7. Asking for help means you’re too weak to handle your issue alone.
This was my biggest fear and the most stupid myth I ever told myself. But guess what? No one cares. No one thinks you’re cool when you refuse to admit you have problems. When you do open up to others, they’ll just think you’re human. And all that’s going to come from the interaction is a genuine human connection you’ll probably be glad to have.
All that’s going to come from the interaction is a genuine human connection you’ll probably be glad to have.
Trying to beat a mental illness alone will just make you lonelier. For me, one of the worst side effects of the ED was the isolation. I thought no one understood me, that my friends didn’t really know me, that I was the only person ever to suffer from something like this (obviously untrue). Not only was I dealing with an eating disorder, I was also struggling with feelings of perceived alienation.
8. No one will be able to relate to your struggle.
You'd be suprised by how many people actually want to help you. No, not everyone will understand exactly what you're going through. But everyone has struggled with something, and especially if they love you, they will do everything they can to empathize and help. Part of the reason I never told anyone what I was going through was that I assumed they wouldn’t get it. Since then I’ve learned a lot about how beautiful and unique people are—and how much they can surprise you.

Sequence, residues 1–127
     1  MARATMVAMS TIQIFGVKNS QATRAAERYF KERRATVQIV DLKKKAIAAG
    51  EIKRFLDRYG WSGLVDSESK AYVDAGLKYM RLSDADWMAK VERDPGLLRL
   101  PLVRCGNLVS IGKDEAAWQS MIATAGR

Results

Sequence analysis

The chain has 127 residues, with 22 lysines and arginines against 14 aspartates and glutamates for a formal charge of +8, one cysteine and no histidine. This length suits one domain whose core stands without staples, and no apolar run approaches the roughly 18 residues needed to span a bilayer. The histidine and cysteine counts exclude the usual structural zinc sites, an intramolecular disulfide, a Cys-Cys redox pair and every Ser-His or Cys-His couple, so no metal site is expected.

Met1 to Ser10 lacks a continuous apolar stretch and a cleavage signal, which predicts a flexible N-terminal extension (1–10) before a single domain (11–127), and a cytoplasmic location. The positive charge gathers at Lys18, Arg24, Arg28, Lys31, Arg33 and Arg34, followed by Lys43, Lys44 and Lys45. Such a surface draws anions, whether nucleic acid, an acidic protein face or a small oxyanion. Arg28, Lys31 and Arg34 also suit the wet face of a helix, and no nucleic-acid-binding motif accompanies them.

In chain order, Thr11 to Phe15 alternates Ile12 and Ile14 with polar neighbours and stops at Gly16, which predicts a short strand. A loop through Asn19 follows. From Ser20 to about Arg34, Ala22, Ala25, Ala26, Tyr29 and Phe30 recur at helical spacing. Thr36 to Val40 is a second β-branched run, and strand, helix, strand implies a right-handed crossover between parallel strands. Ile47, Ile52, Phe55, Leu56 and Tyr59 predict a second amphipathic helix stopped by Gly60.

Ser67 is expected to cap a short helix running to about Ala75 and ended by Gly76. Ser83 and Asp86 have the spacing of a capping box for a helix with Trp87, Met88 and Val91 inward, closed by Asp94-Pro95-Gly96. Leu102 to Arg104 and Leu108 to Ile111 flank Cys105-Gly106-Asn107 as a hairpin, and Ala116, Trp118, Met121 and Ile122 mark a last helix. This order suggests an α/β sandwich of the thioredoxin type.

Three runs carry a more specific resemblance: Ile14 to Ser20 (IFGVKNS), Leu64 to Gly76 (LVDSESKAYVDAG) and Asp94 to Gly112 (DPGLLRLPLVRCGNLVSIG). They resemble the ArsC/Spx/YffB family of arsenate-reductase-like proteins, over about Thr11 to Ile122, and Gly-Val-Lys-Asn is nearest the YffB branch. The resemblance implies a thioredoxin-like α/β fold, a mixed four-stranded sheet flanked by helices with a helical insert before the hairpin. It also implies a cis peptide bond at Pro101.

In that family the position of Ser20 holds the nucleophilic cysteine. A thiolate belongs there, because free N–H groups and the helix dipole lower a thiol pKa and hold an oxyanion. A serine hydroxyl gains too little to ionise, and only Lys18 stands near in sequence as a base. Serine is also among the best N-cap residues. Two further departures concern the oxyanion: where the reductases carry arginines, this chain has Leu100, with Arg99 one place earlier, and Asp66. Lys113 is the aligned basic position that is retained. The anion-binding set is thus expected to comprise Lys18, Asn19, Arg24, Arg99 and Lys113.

9. An eating disorder only affects you.
This was one of the hardest things for me to realize (and write about). Problems don’t just exist in your own personal bubble. My little sister, whom I love more than anyone, certainly noticed that something was wrong. We went through a lot of hard times as kids together, but instead of reaching out or leaning on her for support, I turned inward.